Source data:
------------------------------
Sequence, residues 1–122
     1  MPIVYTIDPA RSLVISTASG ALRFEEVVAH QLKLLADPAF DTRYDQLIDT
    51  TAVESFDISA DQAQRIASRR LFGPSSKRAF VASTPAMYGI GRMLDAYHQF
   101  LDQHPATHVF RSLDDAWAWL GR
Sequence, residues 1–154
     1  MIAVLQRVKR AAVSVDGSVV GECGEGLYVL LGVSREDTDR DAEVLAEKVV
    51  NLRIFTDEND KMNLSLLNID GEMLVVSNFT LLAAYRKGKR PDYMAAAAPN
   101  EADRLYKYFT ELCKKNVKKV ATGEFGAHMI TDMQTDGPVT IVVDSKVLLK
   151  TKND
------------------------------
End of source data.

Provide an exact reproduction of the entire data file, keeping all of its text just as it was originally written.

Sequence, residues 1–122
     1  MPIVYTIDPA RSLVISTASG ALRFEEVVAH QLKLLADPAF DTRYDQLIDT
    51  TAVESFDISA DQAQRIASRR LFGPSSKRAF VASTPAMYGI GRMLDAYHQF
   101  LDQHPATHVF RSLDDAWAWL GR
Sequence, residues 1–154
     1  MIAVLQRVKR AAVSVDGSVV GECGEGLYVL LGVSREDTDR DAEVLAEKVV
    51  NLRIFTDEND KMNLSLLNID GEMLVVSNFT LLAAYRKGKR PDYMAAAAPN
   101  EADRLYKYFT ELCKKNVKKV ATGEFGAHMI TDMQTDGPVT IVVDSKVLLK
   151  TKND